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Child and Provider Restraints in Ambulances

Review of: Timothy D. Johnson, DO, Daniel Lindholm, NREMT-P and M. Denise Dowd, MD, MPH: Child and Provider Restraints in Ambulances: Knowledge, Opinions, and Behaviors of Emergency Medical Services Providers. Academy of Emergency Medicine. 2006. 13: 886–892.

The Science

This study was conducted by surveying EMS providers in two large ambulance services in a Midwest urban system, as well those in a hospital-based pediatric transport service. The purpose of the survey was to measure the knowledge, opinions, and behaviors of EMS providers regarding pediatric and provider restraint use in ambulances.

They surveyed 302 EMS providers, of which 69.8% were paramedics, 22.3% were EMT-Basics, and 4.6% were RNs. Ninety-one percent reported some training in child-restraint use in the ambulance, and half reported that they knew a lot or very much about securing a critically ill child for transport. However, when they gave these same individuals various scenarios for transporting a stable 2-year-old, 40% did not choose the correct method of securing a child seat to the ambulance cot. Although 80% of the providers regularly transported children in a car seat, 23% transported them on an adult s lap at least sometimes.

Interestingly, nearly half of the respondents reported having been involved in at least one ambulance crash and 7.6% having been injured in an ambulance crash. Two thirds of respondents reported not wearing their seatbelt while caring for patients in the back of the ambulance, and half stated that wearing seatbelts interfered with providing patient care.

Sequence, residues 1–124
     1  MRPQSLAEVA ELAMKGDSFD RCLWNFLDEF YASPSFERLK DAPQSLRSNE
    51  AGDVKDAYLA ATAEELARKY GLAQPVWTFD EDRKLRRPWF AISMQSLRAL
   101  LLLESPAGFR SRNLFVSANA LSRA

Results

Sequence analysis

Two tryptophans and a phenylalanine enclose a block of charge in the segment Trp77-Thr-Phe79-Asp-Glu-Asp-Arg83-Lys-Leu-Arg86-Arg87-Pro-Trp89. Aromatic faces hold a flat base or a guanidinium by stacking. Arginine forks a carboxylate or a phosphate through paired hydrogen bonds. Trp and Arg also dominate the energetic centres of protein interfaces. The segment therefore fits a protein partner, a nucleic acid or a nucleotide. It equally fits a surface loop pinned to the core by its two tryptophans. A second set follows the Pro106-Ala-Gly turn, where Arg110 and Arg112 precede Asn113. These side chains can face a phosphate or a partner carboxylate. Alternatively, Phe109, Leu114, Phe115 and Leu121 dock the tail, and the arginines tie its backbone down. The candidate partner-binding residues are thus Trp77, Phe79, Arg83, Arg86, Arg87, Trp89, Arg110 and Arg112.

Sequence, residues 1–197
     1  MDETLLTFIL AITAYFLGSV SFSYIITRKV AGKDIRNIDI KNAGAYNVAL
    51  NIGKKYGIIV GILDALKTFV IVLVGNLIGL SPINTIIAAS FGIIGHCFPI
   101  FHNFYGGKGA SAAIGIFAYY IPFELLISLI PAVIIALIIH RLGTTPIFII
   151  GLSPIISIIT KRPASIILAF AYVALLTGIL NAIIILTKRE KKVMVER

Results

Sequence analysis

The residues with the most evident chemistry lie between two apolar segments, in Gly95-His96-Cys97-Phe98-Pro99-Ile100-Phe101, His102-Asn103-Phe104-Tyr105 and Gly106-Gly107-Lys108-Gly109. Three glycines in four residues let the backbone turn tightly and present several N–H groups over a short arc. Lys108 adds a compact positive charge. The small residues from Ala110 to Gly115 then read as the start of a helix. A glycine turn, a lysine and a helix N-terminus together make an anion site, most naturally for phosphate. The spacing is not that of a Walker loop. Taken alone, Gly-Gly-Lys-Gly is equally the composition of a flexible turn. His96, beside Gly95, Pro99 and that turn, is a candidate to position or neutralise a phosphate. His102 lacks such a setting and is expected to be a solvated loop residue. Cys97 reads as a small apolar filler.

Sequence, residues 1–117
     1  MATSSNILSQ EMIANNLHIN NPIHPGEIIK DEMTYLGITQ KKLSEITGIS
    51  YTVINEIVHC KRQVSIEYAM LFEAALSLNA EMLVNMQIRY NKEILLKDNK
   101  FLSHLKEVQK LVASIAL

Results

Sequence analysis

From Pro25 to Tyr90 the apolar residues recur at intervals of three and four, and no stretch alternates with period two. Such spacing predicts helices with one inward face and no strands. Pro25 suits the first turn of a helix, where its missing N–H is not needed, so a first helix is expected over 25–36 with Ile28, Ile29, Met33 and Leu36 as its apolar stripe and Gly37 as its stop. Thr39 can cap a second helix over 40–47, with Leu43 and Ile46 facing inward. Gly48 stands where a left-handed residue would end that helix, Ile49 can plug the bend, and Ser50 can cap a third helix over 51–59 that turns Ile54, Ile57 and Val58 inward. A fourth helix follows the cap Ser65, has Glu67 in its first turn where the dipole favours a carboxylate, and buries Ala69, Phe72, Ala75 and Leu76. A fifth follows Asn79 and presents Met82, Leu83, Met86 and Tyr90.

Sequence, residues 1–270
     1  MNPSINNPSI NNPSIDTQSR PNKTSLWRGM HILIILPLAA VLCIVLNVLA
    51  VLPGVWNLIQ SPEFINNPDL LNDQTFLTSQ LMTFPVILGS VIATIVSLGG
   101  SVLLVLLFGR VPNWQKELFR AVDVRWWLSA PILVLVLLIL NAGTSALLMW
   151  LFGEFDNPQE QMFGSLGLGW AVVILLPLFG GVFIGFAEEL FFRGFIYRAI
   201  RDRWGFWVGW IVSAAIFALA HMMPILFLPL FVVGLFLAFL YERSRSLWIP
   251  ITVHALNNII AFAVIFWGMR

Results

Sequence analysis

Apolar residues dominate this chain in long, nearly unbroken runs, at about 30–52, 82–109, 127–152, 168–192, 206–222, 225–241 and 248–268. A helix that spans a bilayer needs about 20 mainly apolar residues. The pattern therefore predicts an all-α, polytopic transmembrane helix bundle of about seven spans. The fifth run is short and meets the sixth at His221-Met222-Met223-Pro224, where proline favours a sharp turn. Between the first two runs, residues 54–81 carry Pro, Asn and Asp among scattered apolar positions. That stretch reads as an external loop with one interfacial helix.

The providers working for a pediatric transport service were significantly more likely to report safe pediatric and occupant restraint practices. There was no correlation between years of service and number of crashes with reported correct use of pediatric restraint.

The Street

The authors admit that the major limitation of this study is that it is based on self-reported opinions of restraint use frequency. It is certainly possible that the respondents answered questions in a manner that they believed was consistent with the desires of the authors. However, the fact that their perspective of how well they were doing did not match their ability to correctly identify proper pediatric restraint use would indicate that the disparity between what they believe and what they practice may vary even more significantly than what was reported.

Further compounding the issue is the fact that the vast majority do not wear their own seatbelt while caring for patients, justified by most with the belief that doing so would inhibit their ability to care for their patients. Other studies indicate that unrestrained rescuers may represent a significant source of injury to the patient when, during a crash, they are thrown about the ambulance, causing further harm to the patient.

It would have been interesting to compare their service s policy on the subject to their actual performance by documenting it with first-hand observation. However, such a study would introduce the bias that occurs whenever behavior is directly observed. To avoid this bias, the study would either need to utilize hidden cameras to record the behavior or have an observer present whose objective the rescuers were not aware of.

The bottom line is that this study further confirms the lack of understanding EMS providers have of the issues surrounding proper restraint use by both their patients and themselves. As the issue of patient safety during transport continues to garner greater interest by special interest groups and lawmakers, it is vital that the EMS industry address these concerns before some form of compliance is mandated by persons without the expertise to understand the complexity of matching quality patient care with optimal safety.


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